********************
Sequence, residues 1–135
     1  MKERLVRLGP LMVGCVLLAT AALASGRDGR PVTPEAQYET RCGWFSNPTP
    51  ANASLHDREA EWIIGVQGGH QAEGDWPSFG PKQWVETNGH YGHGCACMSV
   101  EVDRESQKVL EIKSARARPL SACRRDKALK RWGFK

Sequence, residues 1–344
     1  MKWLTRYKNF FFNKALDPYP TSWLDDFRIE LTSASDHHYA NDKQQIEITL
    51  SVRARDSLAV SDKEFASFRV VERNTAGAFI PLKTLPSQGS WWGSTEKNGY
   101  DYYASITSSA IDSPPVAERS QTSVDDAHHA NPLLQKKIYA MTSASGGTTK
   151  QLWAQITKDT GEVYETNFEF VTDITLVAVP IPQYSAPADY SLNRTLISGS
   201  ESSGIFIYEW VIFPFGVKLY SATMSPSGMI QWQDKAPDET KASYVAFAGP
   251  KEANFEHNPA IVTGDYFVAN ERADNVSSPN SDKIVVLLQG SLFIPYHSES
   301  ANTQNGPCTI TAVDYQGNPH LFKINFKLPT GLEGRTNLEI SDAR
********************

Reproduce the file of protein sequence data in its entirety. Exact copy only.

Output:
Sequence, residues 1–135
     1  MKERLVRLGP LMVGCVLLAT AALASGRDGR PVTPEAQYET RCGWFSNPTP
    51  ANASLHDREA EWIIGVQGGH QAEGDWPSFG PKQWVETNGH YGHGCACMSV
   101  EVDRESQKVL EIKSARARPL SACRRDKALK RWGFK

Sequence, residues 1–344
     1  MKWLTRYKNF FFNKALDPYP TSWLDDFRIE LTSASDHHYA NDKQQIEITL
    51  SVRARDSLAV SDKEFASFRV VERNTAGAFI PLKTLPSQGS WWGSTEKNGY
   101  DYYASITSSA IDSPPVAERS QTSVDDAHHA NPLLQKKIYA MTSASGGTTK
   151  QLWAQITKDT GEVYETNFEF VTDITLVAVP IPQYSAPADY SLNRTLISGS
   201  ESSGIFIYEW VIFPFGVKLY SATMSPSGMI QWQDKAPDET KASYVAFAGP
   251  KEANFEHNPA IVTGDYFVAN ERADNVSSPN SDKIVVLLQG SLFIPYHSES
   301  ANTQNGPCTI TAVDYQGNPH LFKINFKLPT GLEGRTNLEI SDAR